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The implementation of a bowel management protocol in an adult intensive care unit

Authors

  • Joanne McPeake,

    Corresponding author
    1. JMcPeake, MSc (Healthcare), BN (Hons), RGN, Specialist Practitioner (Critical Care), Staff Nurse, Critical Care, Intensive Care Unit, Glasgow Royal Infirmary, and Honorary Lecturer, University of Glasgow, Glasgow, UK
      J McPeake, Glasgow Royal Infirmary, Intensive Care Unit, First Floor, Queen Elizabeth Building, 84-106 Castle Street, Glasgow, G4 0SF, UK
      E-mail:j.mcpeake@clinmed.gla.ac.uk
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  • Harper Gilmour,

    1. H Gilmour, MSc, Cstat, Senior Lecturer in Medical Statistics Public Health and Health Policy, Centre of Population Health Sciences, University of Glasgow, Glasgow, UK
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  • Graham MacIntosh

    1. G MacIntosh, MPH, BSc, PG Cert in Academic Practice, FHEA, Cert in Forensic Medicine, RN, University Teacher, Nursing & HealthCare School, University of Glasgow, Glasgow, UK
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J McPeake, Glasgow Royal Infirmary, Intensive Care Unit, First Floor, Queen Elizabeth Building, 84-106 Castle Street, Glasgow, G4 0SF, UK
E-mail:j.mcpeake@clinmed.gla.ac.uk

Abstract

Aim: A study to explore the impact of implementing a bowel management protocol in a tertiary referral intensive care unit (ICU) in the West of Scotland.

Methods: A three phase study was implemented. Phase 1 – a baseline audit reviewing 26 patients' medical notes and a baseline focus group reviewing the multidisciplinary team's (MDT's) opinions with regard to bowel care management in the ICU. Phase 2 – the implementation of a protocol, updated bowel care chart and education sessions for members of the MDT. Phase 3 – an end of study audit reviewing 27 patients' notes after the implementation of phase 2. Additionally, a further focus group examined the MDT's experiences of the protocol in clinical practice.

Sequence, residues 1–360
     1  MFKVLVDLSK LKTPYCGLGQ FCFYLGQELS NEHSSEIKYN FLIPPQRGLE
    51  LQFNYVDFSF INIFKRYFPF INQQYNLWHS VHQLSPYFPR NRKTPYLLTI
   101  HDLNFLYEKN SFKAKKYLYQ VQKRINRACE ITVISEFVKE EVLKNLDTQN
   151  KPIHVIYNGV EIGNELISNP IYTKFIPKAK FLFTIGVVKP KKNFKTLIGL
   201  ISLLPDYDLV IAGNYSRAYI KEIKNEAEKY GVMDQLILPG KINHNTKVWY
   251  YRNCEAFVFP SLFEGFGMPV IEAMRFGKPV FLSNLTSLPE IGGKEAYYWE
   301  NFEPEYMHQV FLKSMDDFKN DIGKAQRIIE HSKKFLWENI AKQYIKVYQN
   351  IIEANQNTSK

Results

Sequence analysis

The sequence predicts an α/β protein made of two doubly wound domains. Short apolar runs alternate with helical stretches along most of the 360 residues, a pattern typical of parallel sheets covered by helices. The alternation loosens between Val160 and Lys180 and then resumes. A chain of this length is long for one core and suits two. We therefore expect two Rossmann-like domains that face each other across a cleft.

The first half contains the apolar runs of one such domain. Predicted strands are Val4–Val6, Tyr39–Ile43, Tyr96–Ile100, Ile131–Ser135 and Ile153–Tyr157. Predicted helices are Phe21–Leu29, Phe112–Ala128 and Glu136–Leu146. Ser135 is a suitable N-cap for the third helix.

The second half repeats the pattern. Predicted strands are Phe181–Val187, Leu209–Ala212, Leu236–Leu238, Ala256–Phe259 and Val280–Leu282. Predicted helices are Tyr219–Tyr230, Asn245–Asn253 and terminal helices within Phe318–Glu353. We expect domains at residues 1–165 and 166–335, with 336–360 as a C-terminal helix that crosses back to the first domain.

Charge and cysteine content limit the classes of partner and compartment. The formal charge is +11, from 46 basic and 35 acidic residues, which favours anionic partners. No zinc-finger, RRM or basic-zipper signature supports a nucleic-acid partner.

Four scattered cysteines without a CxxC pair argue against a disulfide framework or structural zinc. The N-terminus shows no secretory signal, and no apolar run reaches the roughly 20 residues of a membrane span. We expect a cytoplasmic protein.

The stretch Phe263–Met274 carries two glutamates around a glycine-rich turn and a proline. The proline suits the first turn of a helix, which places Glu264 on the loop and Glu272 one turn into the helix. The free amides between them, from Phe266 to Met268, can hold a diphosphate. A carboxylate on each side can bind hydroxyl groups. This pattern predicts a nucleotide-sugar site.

Results and Findings: During the phase 1 data collection period, it was evident that there was a haphazard approach to bowel care in the ICU, resulting in poor bowel care documentation and a high incidence of constipation and diarrhoea days. After the interventions of phase 2, bowel care documentation days increased by 13% (p = 0·0003), constipation incidence decreased by 20·7% (p = 0·13) and diarrhoea days reduced by 15·2% (p = 0·18).

Conclusion: Although further evaluation is planned, the protocol implemented in this particular study appears to be a useful tool for the delivery of bowel care in the ICU.

Relevance to Clinical Practice: Ensuring appropriate and timely bowel care in the ICU has major implications for the critically ill patients.

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